The gardens at Mottisfont
Carpets of spring bulbs, a stunning walled rose garden, rich autumn leaves and a colourful winter garden make Mottisfont a feast for the senses all year round.
Tulips flower in the walled gardens throughout April, and the winter garden continues to boast bright colour and fragrance during spring. Our trees are dressed in bright green as fresh leaves emerge.
The first, early roses are beginning to emerge in the walled gardens, building up to our magnificent June display.
Nearby Spearywell woods, cared for by our countryside rangers, is a great place to spot bluebells from April - May, as well as anenomes and violets. The car park is located just under two miles north of Mottisfont along Oakley Road/B3084.
Get to know our gardens and grounds with a free guided walk when you visit.
Other garden highlights
The walled rose garden
For the medieval canons who first settled here, roses were sacred symbols. In the 1970s, Graham Stuart Thomas saved rare and beautiful blooms from extinction and created this glorious garden.
It's home to the National Collection of old fashioned roses, which flower once a year around June.
The font and river
The abundant spring that encouraged settlement at Mottisfont hundreds of years ago is now an ornamental of feature of the garden.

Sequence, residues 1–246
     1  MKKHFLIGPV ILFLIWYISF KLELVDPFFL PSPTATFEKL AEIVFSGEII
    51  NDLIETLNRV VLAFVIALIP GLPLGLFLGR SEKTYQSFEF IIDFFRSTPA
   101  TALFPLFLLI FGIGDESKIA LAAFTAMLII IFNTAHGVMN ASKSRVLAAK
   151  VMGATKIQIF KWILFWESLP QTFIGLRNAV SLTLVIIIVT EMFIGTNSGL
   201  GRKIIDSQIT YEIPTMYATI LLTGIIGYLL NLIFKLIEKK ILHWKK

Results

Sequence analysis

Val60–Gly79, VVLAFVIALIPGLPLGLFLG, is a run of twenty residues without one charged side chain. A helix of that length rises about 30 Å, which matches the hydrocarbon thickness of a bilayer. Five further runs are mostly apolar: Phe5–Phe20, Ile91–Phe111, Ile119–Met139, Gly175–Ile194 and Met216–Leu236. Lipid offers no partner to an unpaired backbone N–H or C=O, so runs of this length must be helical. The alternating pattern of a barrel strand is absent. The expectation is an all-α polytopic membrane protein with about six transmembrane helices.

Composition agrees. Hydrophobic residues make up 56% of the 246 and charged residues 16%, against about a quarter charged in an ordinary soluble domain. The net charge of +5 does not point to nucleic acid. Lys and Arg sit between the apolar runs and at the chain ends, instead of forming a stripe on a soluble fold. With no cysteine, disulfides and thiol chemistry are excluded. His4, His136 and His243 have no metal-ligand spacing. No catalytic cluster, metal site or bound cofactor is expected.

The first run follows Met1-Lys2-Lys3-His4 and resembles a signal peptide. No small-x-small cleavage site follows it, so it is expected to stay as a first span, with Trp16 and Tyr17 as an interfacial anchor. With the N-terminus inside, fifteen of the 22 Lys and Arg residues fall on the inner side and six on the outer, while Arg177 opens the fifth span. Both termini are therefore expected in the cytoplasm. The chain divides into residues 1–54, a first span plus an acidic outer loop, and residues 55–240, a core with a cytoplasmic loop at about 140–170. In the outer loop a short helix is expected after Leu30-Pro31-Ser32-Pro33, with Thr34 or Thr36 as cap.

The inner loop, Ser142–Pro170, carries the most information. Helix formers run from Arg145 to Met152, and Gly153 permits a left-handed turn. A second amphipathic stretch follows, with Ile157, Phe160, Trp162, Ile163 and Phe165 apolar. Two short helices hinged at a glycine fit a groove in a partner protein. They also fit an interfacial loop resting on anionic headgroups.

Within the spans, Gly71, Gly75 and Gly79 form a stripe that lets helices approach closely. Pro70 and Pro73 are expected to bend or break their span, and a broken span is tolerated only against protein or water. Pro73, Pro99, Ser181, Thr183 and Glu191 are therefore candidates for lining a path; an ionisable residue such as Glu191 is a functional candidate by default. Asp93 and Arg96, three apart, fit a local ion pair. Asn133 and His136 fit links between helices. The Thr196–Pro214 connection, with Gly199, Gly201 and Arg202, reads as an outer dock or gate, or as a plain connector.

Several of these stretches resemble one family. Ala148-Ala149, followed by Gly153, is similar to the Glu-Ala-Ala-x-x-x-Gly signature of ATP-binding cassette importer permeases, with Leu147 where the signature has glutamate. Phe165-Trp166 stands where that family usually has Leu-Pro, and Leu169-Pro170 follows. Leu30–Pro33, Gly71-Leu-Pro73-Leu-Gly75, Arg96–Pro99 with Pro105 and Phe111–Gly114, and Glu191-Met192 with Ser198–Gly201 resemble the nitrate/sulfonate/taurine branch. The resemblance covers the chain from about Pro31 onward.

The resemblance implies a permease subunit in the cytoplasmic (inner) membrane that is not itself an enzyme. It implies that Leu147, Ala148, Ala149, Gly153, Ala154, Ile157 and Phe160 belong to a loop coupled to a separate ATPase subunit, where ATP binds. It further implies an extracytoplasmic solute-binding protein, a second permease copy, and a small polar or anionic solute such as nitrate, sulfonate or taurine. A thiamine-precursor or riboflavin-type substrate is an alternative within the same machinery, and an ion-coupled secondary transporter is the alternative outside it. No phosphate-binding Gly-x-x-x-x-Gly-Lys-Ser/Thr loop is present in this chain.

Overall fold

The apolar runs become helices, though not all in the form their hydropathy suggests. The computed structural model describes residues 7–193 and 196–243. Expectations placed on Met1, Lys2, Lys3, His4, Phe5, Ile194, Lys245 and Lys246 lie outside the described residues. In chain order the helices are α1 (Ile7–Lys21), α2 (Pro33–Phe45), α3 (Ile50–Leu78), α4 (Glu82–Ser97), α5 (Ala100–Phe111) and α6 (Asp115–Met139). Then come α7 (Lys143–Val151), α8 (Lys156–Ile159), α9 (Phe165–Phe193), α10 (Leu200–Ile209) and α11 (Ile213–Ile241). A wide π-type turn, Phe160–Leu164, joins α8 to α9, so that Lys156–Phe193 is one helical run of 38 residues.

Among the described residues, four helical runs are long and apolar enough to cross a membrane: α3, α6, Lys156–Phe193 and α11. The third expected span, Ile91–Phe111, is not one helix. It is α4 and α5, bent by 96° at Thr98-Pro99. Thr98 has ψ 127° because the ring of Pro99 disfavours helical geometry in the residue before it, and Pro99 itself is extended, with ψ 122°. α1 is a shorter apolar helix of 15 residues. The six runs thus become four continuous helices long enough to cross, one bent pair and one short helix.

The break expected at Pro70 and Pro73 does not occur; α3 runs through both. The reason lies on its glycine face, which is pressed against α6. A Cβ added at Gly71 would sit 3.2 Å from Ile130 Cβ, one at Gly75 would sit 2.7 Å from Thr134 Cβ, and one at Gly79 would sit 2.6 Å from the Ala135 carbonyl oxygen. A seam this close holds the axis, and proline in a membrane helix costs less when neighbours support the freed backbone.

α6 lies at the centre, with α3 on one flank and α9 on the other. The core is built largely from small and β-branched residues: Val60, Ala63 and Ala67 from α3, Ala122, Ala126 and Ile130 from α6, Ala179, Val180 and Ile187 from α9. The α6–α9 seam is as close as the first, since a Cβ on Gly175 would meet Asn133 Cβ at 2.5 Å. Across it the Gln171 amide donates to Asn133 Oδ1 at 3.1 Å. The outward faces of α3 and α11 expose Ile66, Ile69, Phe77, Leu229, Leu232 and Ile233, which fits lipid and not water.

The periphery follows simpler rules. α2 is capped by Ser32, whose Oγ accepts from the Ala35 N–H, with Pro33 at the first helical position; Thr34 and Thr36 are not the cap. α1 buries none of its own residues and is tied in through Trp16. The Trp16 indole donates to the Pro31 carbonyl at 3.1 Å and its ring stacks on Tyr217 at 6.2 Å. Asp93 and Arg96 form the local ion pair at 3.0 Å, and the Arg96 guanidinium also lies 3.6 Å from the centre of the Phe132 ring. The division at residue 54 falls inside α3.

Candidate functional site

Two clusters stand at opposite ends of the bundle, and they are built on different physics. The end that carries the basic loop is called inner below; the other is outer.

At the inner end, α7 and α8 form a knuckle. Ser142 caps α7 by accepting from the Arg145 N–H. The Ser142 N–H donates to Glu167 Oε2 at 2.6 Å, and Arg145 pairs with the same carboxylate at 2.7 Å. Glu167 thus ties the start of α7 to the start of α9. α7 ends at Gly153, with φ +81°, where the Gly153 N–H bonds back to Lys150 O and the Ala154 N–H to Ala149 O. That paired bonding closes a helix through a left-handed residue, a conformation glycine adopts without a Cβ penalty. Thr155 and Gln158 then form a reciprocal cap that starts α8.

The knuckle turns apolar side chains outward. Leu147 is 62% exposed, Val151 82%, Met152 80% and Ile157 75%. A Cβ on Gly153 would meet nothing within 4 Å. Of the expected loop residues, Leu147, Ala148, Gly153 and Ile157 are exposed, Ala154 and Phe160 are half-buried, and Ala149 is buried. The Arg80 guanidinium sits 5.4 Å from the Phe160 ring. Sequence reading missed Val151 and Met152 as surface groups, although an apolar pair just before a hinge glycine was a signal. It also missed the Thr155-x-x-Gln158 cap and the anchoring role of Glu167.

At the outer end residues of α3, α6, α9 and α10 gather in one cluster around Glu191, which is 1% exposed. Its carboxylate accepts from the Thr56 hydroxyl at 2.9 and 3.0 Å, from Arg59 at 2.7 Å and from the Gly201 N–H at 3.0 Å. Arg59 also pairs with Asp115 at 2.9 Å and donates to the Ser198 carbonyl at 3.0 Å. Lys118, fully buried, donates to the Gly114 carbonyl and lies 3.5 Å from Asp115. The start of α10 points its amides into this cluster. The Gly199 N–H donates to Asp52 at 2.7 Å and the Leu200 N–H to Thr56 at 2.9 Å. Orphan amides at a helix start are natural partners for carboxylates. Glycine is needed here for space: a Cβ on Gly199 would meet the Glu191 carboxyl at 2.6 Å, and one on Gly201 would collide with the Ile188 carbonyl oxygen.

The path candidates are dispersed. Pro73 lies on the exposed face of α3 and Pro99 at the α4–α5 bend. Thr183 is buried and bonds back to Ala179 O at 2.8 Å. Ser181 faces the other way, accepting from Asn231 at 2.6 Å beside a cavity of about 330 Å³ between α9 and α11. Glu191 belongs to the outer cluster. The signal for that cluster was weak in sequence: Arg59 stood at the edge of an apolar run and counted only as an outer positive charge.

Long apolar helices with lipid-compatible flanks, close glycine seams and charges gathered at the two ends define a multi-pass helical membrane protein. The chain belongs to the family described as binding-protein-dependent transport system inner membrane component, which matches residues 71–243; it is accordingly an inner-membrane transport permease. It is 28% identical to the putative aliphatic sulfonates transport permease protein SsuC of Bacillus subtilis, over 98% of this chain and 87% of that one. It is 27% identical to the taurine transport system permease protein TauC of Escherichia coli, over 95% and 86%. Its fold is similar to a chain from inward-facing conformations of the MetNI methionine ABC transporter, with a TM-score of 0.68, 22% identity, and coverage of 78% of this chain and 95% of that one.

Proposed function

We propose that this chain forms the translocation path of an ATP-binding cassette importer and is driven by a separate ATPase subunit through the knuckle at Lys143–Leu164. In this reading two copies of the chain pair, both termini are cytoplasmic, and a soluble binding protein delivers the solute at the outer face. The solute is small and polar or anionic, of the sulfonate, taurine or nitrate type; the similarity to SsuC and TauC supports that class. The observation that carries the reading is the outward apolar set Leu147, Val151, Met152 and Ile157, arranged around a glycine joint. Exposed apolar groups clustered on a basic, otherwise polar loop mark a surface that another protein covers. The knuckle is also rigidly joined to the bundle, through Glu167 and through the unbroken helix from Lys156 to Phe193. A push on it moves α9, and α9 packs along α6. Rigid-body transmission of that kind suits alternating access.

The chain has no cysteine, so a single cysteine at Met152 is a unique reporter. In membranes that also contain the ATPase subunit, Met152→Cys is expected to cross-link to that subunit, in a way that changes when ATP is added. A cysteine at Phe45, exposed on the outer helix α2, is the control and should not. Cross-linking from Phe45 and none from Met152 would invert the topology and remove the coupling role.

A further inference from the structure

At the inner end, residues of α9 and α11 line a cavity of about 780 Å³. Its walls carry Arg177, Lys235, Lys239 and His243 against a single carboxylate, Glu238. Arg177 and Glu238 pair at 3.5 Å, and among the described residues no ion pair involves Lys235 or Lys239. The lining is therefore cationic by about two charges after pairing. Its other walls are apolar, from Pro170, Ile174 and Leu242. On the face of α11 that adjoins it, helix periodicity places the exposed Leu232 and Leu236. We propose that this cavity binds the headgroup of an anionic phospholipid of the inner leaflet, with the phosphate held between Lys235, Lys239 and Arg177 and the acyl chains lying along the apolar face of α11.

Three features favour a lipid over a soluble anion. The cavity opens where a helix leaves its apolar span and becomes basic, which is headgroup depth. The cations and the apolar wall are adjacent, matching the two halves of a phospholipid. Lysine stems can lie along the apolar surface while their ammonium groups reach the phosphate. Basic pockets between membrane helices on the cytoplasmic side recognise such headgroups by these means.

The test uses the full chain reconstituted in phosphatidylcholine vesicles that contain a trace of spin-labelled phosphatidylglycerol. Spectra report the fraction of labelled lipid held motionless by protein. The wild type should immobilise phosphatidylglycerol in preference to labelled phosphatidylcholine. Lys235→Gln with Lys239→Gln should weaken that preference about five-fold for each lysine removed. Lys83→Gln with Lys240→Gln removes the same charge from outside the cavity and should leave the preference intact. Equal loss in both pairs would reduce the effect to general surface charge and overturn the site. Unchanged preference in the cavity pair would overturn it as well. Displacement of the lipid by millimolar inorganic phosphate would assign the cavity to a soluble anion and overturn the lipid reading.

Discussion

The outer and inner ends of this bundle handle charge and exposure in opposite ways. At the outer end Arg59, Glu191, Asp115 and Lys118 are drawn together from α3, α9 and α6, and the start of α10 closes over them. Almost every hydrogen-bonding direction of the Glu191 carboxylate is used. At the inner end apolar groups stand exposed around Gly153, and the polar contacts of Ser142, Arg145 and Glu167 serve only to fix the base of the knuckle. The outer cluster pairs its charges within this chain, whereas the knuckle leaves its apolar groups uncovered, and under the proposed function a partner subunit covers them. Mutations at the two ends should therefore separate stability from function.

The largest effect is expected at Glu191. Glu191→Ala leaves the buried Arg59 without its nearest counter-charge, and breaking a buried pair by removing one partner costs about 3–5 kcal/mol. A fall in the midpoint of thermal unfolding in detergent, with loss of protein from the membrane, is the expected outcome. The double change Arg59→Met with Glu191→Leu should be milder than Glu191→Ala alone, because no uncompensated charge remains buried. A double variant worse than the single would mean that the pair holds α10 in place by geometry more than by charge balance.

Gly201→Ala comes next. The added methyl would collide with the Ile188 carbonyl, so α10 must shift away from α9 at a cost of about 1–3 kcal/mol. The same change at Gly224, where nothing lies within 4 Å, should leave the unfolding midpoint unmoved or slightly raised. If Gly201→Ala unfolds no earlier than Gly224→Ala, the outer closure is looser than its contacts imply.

The font and River Test have enabled gardeners over the centuries to make a landscape that is both beautiful and productive.
Now a haven for wildlife and a place for wonderful walks, the Abbey Stream is a man-made channel that was created to bring the River Test closer to the house. The river is now home to a wide range of wildlife - gaze at the crystal clear river and see trout, salmon or rarer species.
Visitors approaching Mottisfont are often drawn to the enormous tree which, from some angles, seems to dwarf the building. This huge London Plane is thought to be the largest of its kind in Britain, and forms part of the Natioanl Collection of plane trees which stand in our grounds.
Mottisfont is home to many other breath-taking trees, including grand horse chestnuts and stately oaks, fine examples of carefully planned 'informal' landscape planting from the 18th and 19th centuries.
An elegant double row of pollarded limes and the yew octagon were planted later, in Maud Russell's time. A beech circle was also planted between the walled gardens and the stables about 50 years ago to replace a similar feature that had come to the end of its life.